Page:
Not all are content to navigate California’s byzantine vaccination process. Allen Shapiro, the 73-year-old former CEO of Golden Globes telecast producer Dick Clark Productions, was reported last week to have flown via private jet to Florida recently in search of the vaccine with friends. Sources tell Variety that Shapiro did fly private — but alone — to Miami. While some reports have decried this as an example of vaccine tourism, insiders said Shapiro owns property and conducts business in Florida. Moreover, Florida Governor Ron DeSantis was openly inviting the 65-and-older crowd this month to enjoy his state’s robust vaccine program without a need to verify residency. Florida Surgeon General Scott Rivkees has subsequently overturned Gov. DeSantis’ open-door policy, requiring all Floridians to provide proof of residency in order to receive the vaccine. Former Time Warner CEO Richard Parsons, 72, also recently spoke on the record about heading to Florida from New York to get his vaccine, citing the state’s efficiency. Others are said to be flocking to Hawaiian island of Maui.

Then there is the story of a Canadian gambling mogul and his actress wife who posed as motel workers to jump the vaccination line meant for Indigenous residents of a remote Yukon community. They chartered a plane to the small community of Beaver Creek to receive doses of the Moderna vaccine. They didn’t even bother to abide by quarantine rules of self-isolating for 14 days when they arrived in Beaver Creek.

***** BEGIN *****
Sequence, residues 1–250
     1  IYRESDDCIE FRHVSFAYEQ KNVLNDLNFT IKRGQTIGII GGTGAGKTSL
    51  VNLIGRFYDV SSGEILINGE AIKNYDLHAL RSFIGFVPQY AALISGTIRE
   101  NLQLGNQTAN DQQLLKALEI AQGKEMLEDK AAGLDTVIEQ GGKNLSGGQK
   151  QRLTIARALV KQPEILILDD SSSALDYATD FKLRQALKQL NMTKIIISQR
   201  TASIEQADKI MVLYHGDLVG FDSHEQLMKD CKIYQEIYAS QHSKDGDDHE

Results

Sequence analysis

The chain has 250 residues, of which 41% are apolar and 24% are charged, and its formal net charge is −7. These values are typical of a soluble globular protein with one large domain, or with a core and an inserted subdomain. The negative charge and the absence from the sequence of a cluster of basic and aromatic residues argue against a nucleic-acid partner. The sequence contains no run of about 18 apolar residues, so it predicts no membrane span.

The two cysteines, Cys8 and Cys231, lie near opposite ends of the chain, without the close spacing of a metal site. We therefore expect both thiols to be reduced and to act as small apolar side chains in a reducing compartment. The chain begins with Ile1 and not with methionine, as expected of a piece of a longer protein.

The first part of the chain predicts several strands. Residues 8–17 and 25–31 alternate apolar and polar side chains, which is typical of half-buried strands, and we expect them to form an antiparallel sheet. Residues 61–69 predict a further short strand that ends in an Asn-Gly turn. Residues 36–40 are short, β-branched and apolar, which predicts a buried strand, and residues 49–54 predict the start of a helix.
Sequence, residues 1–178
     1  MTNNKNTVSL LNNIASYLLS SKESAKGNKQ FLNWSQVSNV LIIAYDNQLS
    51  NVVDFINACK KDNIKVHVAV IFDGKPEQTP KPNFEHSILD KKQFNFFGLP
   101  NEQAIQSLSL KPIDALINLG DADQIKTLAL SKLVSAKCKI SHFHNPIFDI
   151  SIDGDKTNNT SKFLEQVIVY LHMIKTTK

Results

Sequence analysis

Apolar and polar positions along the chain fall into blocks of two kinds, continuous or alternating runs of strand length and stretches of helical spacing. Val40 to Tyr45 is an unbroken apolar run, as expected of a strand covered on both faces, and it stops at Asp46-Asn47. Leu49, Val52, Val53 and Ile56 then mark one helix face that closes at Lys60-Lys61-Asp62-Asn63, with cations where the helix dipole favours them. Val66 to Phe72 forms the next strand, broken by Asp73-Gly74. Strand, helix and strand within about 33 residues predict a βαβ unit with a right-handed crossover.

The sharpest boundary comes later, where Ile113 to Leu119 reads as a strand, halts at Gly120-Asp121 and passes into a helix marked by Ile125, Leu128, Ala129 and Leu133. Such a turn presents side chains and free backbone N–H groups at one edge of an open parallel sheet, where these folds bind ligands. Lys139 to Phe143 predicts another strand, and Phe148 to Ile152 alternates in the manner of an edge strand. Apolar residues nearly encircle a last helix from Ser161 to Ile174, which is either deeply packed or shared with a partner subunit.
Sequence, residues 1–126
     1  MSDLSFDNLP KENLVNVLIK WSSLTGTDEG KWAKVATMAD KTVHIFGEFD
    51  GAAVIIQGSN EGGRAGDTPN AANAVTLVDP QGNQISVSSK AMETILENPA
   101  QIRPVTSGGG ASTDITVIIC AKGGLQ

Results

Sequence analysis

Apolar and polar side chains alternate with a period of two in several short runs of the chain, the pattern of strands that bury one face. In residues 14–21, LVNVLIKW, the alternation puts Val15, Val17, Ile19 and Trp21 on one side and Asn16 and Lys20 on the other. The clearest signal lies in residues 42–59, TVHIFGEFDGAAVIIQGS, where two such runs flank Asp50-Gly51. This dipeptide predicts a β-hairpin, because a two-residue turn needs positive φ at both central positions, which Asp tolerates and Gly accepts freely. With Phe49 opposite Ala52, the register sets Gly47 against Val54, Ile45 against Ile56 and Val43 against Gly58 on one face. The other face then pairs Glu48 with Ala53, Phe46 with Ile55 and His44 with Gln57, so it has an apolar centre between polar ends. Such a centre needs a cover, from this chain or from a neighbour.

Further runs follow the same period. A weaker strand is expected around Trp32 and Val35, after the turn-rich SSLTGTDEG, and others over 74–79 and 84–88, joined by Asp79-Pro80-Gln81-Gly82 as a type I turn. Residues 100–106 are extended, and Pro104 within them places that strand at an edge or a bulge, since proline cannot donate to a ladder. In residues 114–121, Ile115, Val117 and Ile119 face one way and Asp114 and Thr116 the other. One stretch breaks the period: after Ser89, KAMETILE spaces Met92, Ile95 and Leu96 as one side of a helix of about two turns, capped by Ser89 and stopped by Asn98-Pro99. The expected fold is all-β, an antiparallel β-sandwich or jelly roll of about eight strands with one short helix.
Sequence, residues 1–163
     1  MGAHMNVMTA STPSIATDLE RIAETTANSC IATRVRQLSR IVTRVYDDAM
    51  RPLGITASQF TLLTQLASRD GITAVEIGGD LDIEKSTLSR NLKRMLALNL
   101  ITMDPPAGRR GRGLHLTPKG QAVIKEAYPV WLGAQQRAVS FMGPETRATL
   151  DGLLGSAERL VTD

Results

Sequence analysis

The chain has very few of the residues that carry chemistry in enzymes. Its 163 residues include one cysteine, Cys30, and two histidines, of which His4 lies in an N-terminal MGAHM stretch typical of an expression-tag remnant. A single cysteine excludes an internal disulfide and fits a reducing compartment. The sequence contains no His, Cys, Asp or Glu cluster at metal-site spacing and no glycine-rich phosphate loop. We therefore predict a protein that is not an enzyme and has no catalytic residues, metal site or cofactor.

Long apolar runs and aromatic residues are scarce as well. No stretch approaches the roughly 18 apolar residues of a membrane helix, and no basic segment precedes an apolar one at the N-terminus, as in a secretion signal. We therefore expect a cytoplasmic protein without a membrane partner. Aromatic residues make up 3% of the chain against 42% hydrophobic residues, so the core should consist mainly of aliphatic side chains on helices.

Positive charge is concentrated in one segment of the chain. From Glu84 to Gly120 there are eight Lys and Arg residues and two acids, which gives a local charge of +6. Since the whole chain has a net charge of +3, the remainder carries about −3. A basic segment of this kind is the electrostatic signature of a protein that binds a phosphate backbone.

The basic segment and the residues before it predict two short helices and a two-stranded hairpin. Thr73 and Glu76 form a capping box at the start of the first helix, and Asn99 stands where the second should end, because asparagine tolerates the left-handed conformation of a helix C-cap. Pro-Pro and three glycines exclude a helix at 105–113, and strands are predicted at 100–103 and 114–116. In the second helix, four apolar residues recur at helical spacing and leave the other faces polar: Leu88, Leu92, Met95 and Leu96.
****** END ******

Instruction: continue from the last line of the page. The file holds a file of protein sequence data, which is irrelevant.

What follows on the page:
Rodney Baker, a 55-year-old who was then president and CEO of the Great Canadian Gaming Corporation, and Ekaterina Baker, a 32-year-old aspiring actress, both received tickets at the Whitehorse airport on Jan. 21, according to court records. Rodney Baker resigned from his positions Sunday.

Yukon Community Services Minister John Streicker told CBC Monday the couple arrived in Whitehorse on Jan. 19. However, instead of completing a mandatory 14-day self-isolation period, the Bakers on Jan. 21 chartered a flight to Beaver Creek, a community of about 100 people that is located roughly 450 kilometres northwest of Whitehorse near the Alaska border.

There, according to Streicker, they took advantage of a mobile vaccination clinic that was administering the first doses of the Moderna vaccine to locals, claiming they were new employees at an area motel.

Yukon’s rural communities have priority to receive vaccinations because they’re more vulnerable to the impacts of COVID-19. Many are hours away from a hospital and lack the resources to address an outbreak.

The Civil Emergency Measures Act (CEMA) enforcement unit is looking into this case. Baker and his wife are facing legal troubles over their actions.

CEMA officers were able to identify the couple via their entry declaration forms — everyone who enters Yukon from another jurisdiction is required to fill one out — and went to the Whitehorse airport, where the couple’s chartered plane had returned from Beaver Creek.

After going to the hotel where the two were supposed to be self-isolating, CEMA officers found they’d already checked out. The officers returned to the airport and located the couple as they were getting ready to leave the territory, Streicker said.

The tickets list the Bakers as sharing an address in downtown Vancouver, although social media posts appear to indicate that they split their time between B.C. and Toronto.

CEMA violations come with a maximum penalty of a $500 fine plus a $75 victim surcharge per count, six months’ jail or both. The couple has 30 days to either pay their fines — a total of $2,300 for all four counts they’re facing — or plead not guilty and request a trial.

Canadian officials say they are shocked that the couple went to such lengths to cheat the system and the people that the vaccines were meant for in that small community. I don’t think anyone is saying that in California, though.